On hearing that, the reporter bought two pieces of cloth from him, just to make him happy. At this point, he felt relaxed and started narrating how he started the business. “I am from Baga,” he said. “In our own case, we luckily got information that the terrorists were planning to attack. I fled with my father and some of our family members. The women who stayed back were forced to marry the terrorists while the young men were killed. It was bad because they already announced that young men should voluntarily come and join them.”

From his tale of narrow escape from death to find refuge at the IDP camp, the conversation with him soon swung to the noble roles that individual philanthropists and NGOs were playing as part of their efforts to mitigate IDPs’ sufferings at the camp. “Allah will bless all these good people, especially the NGOs,” Farouk said. “There are times that up to 10 of them would come here in one day.”

But then, it was discovered that with the coming of the NGOs was the need to find a commodious space to keep some of the gifts being showered on the IDPs by public-spirited men and women. “These women do not have space to keep these wrappers, so it’s better to sell them,” he said in an attempt to explain how the idea of selling some of the gift products came about. “It was my friend who is a wrapper dealer that gave me the idea. They voluntarily bring them and I only add a little money as my gain.  They (philanthropists and NGOs) rarely give us cash and this is what we need more. We might not get more in December because the governor had asked us to go back to our villages.”

Inside one of the rooms where the wrapper was bought, young Fatima was patiently waiting for the reporter and her guides to come out so that they could give her a ride to the exit gate.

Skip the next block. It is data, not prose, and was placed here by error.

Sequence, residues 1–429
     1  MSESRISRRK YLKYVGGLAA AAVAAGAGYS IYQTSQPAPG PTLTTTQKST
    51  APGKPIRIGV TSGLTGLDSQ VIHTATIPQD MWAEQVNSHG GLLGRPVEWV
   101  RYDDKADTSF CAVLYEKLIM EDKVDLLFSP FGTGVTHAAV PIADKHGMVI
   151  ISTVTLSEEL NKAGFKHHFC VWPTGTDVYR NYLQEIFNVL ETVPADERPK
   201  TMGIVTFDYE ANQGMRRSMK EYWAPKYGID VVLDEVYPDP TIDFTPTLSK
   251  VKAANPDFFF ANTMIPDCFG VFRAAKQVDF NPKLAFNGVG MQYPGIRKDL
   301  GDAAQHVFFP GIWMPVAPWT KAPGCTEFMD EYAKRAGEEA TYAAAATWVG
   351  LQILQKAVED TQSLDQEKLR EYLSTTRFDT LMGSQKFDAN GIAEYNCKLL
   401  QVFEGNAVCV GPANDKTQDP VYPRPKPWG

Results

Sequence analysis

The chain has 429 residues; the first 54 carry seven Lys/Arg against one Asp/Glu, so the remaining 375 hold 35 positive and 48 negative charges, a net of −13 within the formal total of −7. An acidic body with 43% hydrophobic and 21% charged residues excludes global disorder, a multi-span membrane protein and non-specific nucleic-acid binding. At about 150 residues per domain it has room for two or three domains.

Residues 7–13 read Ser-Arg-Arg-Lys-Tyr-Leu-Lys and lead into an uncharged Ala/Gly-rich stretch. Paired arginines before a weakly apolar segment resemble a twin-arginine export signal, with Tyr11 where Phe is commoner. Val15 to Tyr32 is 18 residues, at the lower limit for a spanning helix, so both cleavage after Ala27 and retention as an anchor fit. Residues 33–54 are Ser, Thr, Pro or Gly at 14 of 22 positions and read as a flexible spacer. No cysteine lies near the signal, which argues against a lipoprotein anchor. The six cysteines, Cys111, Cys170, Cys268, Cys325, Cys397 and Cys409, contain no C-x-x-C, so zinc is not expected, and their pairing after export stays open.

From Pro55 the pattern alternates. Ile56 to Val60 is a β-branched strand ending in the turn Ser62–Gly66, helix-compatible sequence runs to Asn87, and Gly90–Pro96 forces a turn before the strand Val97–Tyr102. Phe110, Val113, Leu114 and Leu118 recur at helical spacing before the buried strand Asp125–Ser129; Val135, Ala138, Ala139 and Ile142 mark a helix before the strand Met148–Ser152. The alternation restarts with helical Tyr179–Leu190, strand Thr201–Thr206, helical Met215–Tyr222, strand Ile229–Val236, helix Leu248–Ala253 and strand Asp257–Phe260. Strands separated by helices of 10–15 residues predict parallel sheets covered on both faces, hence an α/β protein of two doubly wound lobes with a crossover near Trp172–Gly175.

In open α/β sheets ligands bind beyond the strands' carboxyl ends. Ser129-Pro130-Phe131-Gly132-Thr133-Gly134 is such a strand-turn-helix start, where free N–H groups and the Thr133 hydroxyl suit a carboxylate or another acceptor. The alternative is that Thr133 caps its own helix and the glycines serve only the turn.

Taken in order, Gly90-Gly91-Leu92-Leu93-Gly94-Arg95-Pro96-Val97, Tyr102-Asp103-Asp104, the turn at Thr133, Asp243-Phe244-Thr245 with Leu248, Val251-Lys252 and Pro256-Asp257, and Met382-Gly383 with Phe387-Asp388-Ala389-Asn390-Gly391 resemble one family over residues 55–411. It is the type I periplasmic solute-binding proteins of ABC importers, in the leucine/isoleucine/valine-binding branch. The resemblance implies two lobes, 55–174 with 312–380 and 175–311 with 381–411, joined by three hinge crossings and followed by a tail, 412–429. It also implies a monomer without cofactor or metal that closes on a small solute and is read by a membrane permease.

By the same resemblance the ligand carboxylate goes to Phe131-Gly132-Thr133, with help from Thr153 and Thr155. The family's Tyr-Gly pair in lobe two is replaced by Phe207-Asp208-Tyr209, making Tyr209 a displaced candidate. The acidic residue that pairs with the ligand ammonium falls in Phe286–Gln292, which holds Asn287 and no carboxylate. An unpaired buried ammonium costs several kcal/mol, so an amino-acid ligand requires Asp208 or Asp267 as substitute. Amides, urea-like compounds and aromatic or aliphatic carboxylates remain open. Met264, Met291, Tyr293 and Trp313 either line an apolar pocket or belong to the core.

Fatima’s ordeals

On our way out, she told us the story of what she planned to do with her life, after the government order to vacate the place, had been carried out. “I am happy that we are going home because I will surely run away,” she confided in the reporter. “I am only 16 and from the Dikwa area. I was forced to drop out of school and marry Baba Ibrahim’s son, Shehu. This is his son (she pointed to the baby with her) and by this marriage, all my desire to go to school has been destroyed. I cannot run away now because everybody is here. I am waiting for my son to be two years and I will drop him with his grandma. I want to be a nurse and I have made contacts with some of the nurses who used to attend to us. They will help me achieve my dream.

“I was advised to marry Shehu or if the security men guarding here need a woman, I would volunteer myself. They deceived me into believing that I would be killed by the soldiers if I don’t sleep with them. It is not true. The women in the camp go to them on their own volition. In fact, the women are so many that the security men have more than enough of them to sleep with. I was disappointed but what can I do? I did not even have a proper wedding because of this environment. I am happy that we will soon go. But I will definitely run away.”